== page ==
Digital assistants don’t just pick up commands from their owners; voices on the TV can also trigger a task. Several people learned this the hard way when a news anchor said “Alexa ordered me a dollhouse” during a news report; several viewers had to cancel Amazon orders for dollhouses.
Knowing this, Burger King tried to use it to their advantage. One of their latest commercials ends with the words “Ok Google: What is the Whopper Burger?”
(If you’re reading this on the Komando.com app, click here to watch the Burger King commercial.)
Was this a creative commercial? I think so. Was this a well-thought out idea? Maybe not.
The problem is that Google Homes search the web or literally “Google” the answers to questions. Whenever you Google a particular topic, the main answer in the top right section of the screen tends to be an answer from Wikipedia.
Wikipedia is a free online encyclopedia, created and edited by volunteers around the world and hosted by the Wikimedia Foundation.
The key words here are “edited by volunteers,” meaning that anybody can change the text on a Wikipedia page. And that’s exactly what several pranksters did to the “Whopper” Wikipedia page! As a result, Google Homes started telling people the Whopper contains rat meat, toenails and cyanide.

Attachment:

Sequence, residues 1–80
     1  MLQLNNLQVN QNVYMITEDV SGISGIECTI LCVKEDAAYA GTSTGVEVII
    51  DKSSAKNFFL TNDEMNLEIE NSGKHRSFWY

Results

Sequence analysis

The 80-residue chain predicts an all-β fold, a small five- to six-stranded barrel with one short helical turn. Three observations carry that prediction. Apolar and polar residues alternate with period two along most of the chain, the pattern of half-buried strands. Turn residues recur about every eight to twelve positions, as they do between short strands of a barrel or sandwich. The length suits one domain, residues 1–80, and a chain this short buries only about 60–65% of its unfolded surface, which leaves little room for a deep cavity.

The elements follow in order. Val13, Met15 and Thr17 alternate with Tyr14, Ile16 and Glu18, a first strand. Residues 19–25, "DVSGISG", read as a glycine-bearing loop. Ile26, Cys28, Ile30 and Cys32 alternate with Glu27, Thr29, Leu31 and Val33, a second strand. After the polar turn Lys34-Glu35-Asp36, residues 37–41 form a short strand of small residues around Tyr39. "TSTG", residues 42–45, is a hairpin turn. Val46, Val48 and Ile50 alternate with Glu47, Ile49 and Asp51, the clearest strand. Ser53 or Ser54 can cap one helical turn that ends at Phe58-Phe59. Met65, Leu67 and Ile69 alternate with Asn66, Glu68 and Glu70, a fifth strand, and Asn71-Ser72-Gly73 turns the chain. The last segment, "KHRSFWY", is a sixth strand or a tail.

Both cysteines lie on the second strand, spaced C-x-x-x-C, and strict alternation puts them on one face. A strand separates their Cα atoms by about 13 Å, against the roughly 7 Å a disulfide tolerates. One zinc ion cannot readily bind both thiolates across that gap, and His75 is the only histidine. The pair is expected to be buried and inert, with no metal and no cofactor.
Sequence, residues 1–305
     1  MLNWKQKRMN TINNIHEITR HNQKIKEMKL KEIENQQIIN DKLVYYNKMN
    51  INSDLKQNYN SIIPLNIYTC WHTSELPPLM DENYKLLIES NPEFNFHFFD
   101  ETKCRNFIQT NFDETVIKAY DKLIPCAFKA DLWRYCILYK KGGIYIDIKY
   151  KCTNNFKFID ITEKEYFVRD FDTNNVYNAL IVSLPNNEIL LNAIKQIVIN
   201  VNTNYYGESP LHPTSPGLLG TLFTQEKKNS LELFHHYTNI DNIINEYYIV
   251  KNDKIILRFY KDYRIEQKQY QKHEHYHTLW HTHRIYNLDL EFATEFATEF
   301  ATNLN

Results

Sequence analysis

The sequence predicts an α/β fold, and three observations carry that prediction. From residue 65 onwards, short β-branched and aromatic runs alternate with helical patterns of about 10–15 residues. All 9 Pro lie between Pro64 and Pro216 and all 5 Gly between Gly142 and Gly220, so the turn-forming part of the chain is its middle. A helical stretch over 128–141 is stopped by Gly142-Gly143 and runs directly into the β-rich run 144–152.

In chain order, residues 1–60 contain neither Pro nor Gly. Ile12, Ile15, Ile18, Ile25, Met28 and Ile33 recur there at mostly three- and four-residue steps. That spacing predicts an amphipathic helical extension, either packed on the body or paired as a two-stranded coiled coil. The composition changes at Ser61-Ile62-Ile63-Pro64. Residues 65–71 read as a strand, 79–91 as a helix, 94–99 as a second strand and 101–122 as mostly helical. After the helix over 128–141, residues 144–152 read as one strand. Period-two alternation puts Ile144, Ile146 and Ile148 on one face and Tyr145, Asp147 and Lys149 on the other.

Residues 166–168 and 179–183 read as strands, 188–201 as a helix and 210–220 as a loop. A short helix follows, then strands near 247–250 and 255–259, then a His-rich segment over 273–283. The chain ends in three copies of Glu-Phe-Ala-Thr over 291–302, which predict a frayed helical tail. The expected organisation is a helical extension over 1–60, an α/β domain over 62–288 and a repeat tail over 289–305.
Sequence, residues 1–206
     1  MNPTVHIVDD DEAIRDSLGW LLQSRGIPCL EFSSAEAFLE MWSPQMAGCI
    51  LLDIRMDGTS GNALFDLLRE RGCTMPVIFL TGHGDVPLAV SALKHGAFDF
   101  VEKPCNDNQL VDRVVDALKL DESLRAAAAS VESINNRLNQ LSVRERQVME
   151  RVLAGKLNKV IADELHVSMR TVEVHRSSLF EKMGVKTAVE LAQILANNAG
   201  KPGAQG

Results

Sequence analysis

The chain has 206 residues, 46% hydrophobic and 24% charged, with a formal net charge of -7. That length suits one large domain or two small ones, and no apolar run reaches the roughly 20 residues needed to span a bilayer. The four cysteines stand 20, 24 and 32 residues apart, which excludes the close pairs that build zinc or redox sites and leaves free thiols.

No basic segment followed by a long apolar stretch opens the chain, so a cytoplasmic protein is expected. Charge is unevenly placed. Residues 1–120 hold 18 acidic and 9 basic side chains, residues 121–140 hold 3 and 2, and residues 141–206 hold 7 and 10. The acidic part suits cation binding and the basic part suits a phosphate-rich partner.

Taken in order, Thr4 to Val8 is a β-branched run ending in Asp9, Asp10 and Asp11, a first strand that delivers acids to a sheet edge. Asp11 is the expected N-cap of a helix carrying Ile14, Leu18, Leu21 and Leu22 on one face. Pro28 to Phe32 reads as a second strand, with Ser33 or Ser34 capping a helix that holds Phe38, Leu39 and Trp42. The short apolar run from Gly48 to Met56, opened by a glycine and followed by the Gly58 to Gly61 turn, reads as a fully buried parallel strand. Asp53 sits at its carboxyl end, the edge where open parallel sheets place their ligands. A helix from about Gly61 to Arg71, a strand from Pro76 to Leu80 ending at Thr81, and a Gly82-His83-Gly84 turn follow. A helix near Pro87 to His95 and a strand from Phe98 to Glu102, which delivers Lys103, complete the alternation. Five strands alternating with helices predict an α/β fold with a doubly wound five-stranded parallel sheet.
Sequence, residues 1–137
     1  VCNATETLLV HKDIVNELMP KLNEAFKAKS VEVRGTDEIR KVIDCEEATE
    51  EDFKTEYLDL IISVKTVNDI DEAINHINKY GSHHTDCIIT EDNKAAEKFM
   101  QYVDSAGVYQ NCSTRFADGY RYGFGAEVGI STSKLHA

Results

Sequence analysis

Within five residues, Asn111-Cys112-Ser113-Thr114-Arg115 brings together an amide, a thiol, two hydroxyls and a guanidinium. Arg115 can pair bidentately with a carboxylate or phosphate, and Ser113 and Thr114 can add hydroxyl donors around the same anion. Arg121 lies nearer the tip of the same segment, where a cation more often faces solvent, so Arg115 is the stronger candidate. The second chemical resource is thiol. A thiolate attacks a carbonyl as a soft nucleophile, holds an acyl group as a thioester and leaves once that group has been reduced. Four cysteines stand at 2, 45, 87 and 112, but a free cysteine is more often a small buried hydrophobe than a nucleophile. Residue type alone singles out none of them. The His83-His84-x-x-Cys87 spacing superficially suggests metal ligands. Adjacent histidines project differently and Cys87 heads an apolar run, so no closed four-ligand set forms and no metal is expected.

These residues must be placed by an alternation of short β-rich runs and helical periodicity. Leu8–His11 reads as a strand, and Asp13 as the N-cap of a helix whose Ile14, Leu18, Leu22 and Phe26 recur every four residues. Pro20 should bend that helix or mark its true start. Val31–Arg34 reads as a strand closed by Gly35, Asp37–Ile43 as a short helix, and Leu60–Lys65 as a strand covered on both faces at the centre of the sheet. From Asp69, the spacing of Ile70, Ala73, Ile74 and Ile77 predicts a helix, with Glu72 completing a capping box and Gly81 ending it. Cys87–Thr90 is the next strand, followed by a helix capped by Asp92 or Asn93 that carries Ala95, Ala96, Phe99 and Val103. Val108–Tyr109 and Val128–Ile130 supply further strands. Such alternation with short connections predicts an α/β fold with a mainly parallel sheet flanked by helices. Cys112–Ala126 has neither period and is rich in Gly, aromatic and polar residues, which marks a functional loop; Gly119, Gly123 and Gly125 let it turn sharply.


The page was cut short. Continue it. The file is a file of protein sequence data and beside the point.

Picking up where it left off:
Not only did this ad backfire by spreading the wrong information, but it also upset some customers. Some Twitter users vowed to get rid of their digital assistant devices if companies begin to trigger unwanted advertisements.
One way to avoid this sort of issue in the future could be to change your device’s wake word. Unfortunately, Google Homes only answer to “Ok Google” and “Hey Google.” With Amazon Alexa devices, you do have a few more options. Click here to learn how to change Alexa’s wake word.
Update: As of this writing, it looks like Google has already blocked the Burger King commercial from triggering Google Homes.